The questions these cases pose are: Do lawyers alone have the wisdom to make such sociological and moral decisions as Plessy, Brown, and Roe? Should only lawyers deal with political theory in the way the Supreme Court has in the Legislative Reapportionment Cases? Can only lawyers deal in a definitive way with the troublesome questions concerning the relationship of church and state presented by the Prayer Cases? Although the list of cases may be extended to cover the full range of socioeconomic questions that remain of fundamental importance to this country, the answer to these questions remains the same. No one can argue validly that lawyers have better consciences or better insight into the "great governmental affairs" than do nonlawyers. The work of the Supreme Court is different from that of any other court. It is, as Justice Frankfurter once remarked, "a very special kind of court." The cases that come before the Supreme Court require the Justices to answer questions for which neither law school, legal practice,nor the usual prejudicial career provides the necessary skills. Lawyers do not have a monopoly on governmental wisdom.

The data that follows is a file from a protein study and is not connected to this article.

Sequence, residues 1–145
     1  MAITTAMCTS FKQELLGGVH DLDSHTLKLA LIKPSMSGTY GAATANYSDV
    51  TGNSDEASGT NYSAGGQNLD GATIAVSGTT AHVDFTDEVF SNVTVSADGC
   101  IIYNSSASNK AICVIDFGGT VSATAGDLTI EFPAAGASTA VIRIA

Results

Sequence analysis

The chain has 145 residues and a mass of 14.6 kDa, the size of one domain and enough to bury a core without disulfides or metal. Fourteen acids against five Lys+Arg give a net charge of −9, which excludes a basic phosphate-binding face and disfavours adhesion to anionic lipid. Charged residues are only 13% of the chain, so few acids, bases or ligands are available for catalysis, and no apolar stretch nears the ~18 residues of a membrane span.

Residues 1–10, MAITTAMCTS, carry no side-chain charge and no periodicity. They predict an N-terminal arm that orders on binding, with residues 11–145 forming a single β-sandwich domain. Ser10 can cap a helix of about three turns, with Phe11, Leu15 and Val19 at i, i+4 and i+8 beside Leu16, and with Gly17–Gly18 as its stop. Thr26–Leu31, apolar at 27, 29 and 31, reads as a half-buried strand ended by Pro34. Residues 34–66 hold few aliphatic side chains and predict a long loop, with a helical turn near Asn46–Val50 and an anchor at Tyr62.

Arthur S. Miller and Jeffrey H. Bowman,
Break the Monopoly of Lawyers on the Supreme Court,
39 Vanderbilt Law Review
Available at: https://scholarship.law.vanderbilt.edu/vlr/vol39/iss2/5